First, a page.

Traditions in Chad harm, kill underfed children
By RUKMINI CALLIMACHI, AP
MOUSSORO, Chad — On the day of their son's surgery, the family woke before dawn. They saddled their horses and set out across the 12-mile-long carpet of sand to the nearest town, where they hoped the reputed doctor would cure their frail, feverish baby.
The neighboring town, almost as poor and isolated as their own, hosts a foreign-run emergency clinic for malnourished children. But that's not where the family headed.
The doctor they chose treats patients behind a mud wall. His operating room is the sand lot that serves as his front yard. His operating table is a plastic mat lying on the dirt. His surgical tools include a screwdriver. And his remedy for malnourished children is the removal, without antiseptic or anesthesia, of their teeth and epiglottis.
That day, three other children were brought to the same traditional doctor, their parents paying up to $6 for a visit, or more than a week's earnings. Not even a mile away, the UNICEF-funded clinic by contrast admitted just one child for its free service, delivered by trained medical professionals.
The 4:1 ratio that you see in this sandy courtyard on just one day in just one town is a microcosm of what is happening all over Chad, and it helps to explain why, despite an enormous, international intervention, malnutrition continues to soar to scandalous levels throughout the Sahel.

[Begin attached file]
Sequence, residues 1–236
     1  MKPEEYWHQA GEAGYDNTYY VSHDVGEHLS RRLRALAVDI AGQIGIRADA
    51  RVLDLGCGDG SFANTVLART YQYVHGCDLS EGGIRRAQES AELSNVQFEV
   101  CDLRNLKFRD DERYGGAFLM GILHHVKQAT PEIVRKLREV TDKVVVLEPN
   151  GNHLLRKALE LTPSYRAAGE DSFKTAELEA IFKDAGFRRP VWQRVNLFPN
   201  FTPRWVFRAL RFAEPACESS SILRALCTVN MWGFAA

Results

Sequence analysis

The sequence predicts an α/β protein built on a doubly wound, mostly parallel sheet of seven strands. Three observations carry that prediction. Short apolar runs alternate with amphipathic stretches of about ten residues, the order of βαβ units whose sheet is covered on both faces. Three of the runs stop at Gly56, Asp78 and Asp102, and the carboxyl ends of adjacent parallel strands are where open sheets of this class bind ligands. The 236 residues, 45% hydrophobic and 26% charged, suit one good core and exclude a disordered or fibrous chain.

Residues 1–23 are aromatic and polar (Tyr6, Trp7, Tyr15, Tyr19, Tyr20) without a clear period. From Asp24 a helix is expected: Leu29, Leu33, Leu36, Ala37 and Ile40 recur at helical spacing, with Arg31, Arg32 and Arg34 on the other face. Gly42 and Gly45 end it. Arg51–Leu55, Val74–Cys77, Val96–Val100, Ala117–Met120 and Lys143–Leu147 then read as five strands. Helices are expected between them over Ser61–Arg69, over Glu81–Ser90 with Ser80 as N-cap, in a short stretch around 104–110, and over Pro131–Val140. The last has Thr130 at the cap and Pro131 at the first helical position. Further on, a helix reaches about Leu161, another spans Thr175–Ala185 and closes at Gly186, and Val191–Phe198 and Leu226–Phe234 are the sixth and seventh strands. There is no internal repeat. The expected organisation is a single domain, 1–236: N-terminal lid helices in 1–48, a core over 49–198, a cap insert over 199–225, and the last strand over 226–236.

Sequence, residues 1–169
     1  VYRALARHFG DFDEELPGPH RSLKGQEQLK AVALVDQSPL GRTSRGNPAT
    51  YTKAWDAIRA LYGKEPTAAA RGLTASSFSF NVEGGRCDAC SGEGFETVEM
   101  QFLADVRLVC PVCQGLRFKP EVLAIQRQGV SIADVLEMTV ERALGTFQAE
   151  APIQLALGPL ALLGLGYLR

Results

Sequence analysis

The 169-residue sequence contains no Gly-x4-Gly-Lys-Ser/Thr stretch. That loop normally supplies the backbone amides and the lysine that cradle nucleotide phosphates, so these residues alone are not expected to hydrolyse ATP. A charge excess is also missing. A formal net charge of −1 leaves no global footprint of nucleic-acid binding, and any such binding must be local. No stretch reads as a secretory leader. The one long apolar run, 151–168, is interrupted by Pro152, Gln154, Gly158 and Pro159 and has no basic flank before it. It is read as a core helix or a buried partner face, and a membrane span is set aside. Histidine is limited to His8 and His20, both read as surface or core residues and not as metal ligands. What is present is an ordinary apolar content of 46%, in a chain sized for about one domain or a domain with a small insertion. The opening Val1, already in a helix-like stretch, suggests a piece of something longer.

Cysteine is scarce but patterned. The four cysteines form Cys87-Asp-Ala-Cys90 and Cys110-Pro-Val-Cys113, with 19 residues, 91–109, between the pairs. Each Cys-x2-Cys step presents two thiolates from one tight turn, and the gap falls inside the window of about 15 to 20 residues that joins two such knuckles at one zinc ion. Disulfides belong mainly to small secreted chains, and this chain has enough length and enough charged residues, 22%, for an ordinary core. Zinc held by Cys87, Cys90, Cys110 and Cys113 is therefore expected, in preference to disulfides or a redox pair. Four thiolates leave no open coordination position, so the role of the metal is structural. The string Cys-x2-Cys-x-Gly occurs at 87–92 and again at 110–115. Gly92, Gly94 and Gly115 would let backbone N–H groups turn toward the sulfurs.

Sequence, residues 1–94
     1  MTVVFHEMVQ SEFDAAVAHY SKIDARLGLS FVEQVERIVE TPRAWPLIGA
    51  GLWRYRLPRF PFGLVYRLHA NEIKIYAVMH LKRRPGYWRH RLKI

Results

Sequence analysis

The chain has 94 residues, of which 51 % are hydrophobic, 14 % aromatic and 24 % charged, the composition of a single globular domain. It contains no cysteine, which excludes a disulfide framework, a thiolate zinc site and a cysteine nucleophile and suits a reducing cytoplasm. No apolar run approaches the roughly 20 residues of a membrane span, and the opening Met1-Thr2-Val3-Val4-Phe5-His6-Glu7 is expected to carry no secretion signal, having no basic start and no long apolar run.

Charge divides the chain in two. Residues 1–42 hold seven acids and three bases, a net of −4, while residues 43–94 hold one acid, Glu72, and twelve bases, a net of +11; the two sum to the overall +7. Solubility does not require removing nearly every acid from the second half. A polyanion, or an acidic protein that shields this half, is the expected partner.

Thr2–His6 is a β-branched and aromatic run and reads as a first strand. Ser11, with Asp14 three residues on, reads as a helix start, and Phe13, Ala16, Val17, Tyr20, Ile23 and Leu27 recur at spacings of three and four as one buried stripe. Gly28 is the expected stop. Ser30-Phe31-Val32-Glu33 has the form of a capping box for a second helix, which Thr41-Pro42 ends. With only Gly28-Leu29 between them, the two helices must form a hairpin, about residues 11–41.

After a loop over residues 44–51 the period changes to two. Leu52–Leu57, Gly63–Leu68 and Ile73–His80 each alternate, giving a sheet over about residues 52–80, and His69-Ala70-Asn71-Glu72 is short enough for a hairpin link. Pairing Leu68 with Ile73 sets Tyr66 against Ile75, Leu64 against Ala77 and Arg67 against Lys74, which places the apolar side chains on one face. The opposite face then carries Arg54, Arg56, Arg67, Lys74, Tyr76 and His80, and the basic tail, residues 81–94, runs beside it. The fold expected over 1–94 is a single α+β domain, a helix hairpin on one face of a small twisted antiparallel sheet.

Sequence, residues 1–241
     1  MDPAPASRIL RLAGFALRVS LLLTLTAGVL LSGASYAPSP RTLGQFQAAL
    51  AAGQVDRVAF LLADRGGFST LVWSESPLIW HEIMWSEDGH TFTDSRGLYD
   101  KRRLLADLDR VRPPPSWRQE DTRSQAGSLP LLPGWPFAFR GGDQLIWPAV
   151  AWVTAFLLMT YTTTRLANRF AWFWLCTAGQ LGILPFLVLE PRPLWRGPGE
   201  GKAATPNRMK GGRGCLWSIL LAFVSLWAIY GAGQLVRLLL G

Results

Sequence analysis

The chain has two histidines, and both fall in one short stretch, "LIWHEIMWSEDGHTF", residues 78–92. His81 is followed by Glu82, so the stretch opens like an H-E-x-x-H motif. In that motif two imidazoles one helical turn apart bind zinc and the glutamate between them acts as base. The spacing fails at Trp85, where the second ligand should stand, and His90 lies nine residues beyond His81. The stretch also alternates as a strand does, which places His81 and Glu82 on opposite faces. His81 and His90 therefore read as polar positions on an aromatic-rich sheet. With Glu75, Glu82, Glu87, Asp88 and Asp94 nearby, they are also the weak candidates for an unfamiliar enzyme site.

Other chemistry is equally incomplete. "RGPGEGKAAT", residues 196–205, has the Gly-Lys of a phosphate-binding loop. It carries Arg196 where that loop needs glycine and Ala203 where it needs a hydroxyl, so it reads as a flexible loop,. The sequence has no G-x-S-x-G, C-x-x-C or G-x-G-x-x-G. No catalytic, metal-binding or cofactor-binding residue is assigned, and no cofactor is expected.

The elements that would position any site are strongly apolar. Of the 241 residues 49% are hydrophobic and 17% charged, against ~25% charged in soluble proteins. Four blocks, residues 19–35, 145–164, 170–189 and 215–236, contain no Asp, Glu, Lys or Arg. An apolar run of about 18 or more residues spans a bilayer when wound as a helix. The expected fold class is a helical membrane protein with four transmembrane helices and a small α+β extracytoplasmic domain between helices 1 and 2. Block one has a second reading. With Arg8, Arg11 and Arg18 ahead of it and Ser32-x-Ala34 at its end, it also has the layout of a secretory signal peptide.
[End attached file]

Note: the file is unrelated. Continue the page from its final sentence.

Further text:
The world poured more than $1 billion into the band of countries just south of Africa's vast Sahara Desert to address hunger this year alone, according to a United Nations database. A third of that money went to Chad, where 15 percent of children are acutely malnourished, says a report by aid group Save the Children. That's among the highest rates in Africa.
There are now 32 clinics equipped with the latest technology to halt starvation, most within a few hours' walk of affected families. If a child makes it to one of these centers in time, the chance of survival is remarkably high.
Yet acute malnutrition is only getting worse in the Sahel, where every year, cemeteries fill up with the bodies of children who wasted away within walking distance of help.
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